CIO: What is your role and responsibilities at your current organisation?
I am responsible for all technology across Liberis, and currently as an interim looking after product development.
This means ensuring that all of our technology services are running to plan, supporting our business and customers, and running efficiently and to the required level of performance.
As well as ensuring the smooth running of business as usual, there is the development of new product features, the onboarding of new partners and geographical expansion that has to be supported by the product and technology teams. Add to this the architectural enhancement, the integration of new innovations and ensuring that we are a product and technology-led organisation, every day brings a new and exciting challenge.
For example, at the moment, we are building an end-to-end, one-click embedded finance journey. We’re streamlining the application process, evidence collection, quoting, decisioning, and funding – in order to provide funds into a customer’s account in hours. We’re using advanced architectural structures to deliver a fully API-enabled set of services that can be embedded in a partners ecosystem.
CIO: How has your career evolved to becoming an IT director/CIO/CTO?
When I was very young, my family moved to Africa – which was truly a life-enhancing experience. I grew up away from my entire family so it taught me adaptability at a young age. When you enter a class full of people in a strange country, and with a completely different culture, it can be very daunting, so you learn all sorts of techniques to survive. On my return to the UK, there was a mismatch in the education I had received and the available syllabus, so I had to look for an alternative path. I wasn’t able to follow the traditional route of A-Levels and onto university to get a degree, as I didn’t have the requisite base knowledge.
Fortunately, I was able to join an organisation at the ground level and be trained in each new role. I am happy to see the uptake of apprenticeships now as I really believe that learning from the bottom-up gives you a much more rounded skillset.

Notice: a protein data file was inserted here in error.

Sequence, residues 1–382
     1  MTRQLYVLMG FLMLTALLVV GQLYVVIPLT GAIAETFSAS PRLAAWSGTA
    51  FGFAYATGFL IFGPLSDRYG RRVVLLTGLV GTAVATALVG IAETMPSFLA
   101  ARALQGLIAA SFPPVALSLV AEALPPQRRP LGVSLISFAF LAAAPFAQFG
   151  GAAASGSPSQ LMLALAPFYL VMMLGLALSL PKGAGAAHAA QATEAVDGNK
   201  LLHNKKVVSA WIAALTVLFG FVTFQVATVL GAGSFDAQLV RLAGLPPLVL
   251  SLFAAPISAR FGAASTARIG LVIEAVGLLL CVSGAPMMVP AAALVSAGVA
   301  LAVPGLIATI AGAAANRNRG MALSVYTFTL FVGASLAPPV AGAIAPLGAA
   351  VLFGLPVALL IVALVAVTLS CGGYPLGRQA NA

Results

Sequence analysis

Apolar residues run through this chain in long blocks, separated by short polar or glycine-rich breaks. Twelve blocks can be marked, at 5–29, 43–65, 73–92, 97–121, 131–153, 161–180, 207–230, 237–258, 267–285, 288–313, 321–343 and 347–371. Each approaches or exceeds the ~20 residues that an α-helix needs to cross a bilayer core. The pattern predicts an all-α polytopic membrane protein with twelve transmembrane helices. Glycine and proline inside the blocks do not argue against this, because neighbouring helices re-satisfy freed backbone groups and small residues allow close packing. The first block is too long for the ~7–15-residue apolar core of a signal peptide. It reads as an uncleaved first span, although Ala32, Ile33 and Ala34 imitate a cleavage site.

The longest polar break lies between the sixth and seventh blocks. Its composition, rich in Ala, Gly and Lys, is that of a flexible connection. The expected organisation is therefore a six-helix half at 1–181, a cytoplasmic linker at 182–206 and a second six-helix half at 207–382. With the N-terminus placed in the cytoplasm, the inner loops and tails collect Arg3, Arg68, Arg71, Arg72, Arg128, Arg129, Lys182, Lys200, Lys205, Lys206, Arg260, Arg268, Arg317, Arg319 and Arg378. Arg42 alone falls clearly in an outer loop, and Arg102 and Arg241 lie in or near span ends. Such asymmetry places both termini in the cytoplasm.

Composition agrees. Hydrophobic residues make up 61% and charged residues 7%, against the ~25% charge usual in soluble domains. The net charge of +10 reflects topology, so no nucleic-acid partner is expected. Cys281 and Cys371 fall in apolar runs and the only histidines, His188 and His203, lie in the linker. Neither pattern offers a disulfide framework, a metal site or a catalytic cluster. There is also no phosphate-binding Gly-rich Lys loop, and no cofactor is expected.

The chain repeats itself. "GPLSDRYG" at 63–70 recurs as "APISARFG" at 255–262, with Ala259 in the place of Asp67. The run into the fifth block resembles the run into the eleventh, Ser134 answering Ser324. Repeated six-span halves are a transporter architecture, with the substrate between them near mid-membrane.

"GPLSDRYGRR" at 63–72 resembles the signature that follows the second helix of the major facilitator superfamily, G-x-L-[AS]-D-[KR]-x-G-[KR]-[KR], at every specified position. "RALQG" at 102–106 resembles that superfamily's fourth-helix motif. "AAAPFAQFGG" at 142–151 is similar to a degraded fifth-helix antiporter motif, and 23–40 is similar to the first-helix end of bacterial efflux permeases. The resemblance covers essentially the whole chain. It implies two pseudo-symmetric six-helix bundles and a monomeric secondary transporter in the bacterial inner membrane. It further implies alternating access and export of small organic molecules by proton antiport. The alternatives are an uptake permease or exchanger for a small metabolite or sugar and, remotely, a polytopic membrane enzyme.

This is how I found myself in the technology industry and my route has since been fairly traditional, as I progressed through development, architecture, project management and then into leadership roles.
CIO: Tell us about something you have worked on over the last 12 months that you are proud of?
Since joining Liberis, we have practically doubled in size and I am very proud to be part of the team to help realise this incredible business growth – and this is only just the start.
In addition, in the last 12 months, I have been working as a mentor for a start-up accelerator. This involves me giving up time to talk to founders and advise them on their technology and product decisions.
It is incredible how many people have such passion about their ideas and give up so much to try and launch them into a successful business. Starting a company is exhausting both emotionally and mentally and requires incredible self-belief and resilience. It is an honour to help these founders in even the smallest way on their journey.
CIO: What do you do outside of work?
Outside of work, I have an active life doing high-intensity training and yoga. I am a jigsaw puzzle addict and find this to be a fabulous stress management tool.
I love visiting new countries and exploring different cultures; I visited the walled city of Dubrovnik in one of the brief gaps between COVID-19 lockdowns and was privileged to have been there when it was almost empty. It gave me the opportunity to walk around freely and enjoy the history of the town and the magnificence of the buildings. I love cities and I can never get bored of New York and London.
When I get a chance, I love painting large abstract bright and colourful pictures. I have been to many workshops and worked on many varieties of pictures including a large nude portrait – very tame and decent – but I prefer abstract art. I am also an avid networker and supporter/mentor of start-ups.
CIO: What’s the best piece of career advice you’ve ever received?
It came pretty late in my career but a wonderful lady that I worked with at Vodafone said ‘do not sit back and let your career happen’; you need a plan that you actively manage the same as any other kind of project in life.
Once I started doing this, I took control of my career, which was so incredibly empowering. As a result, I was much more selective about what I wanted to achieve and the results have been incredibly rewarding.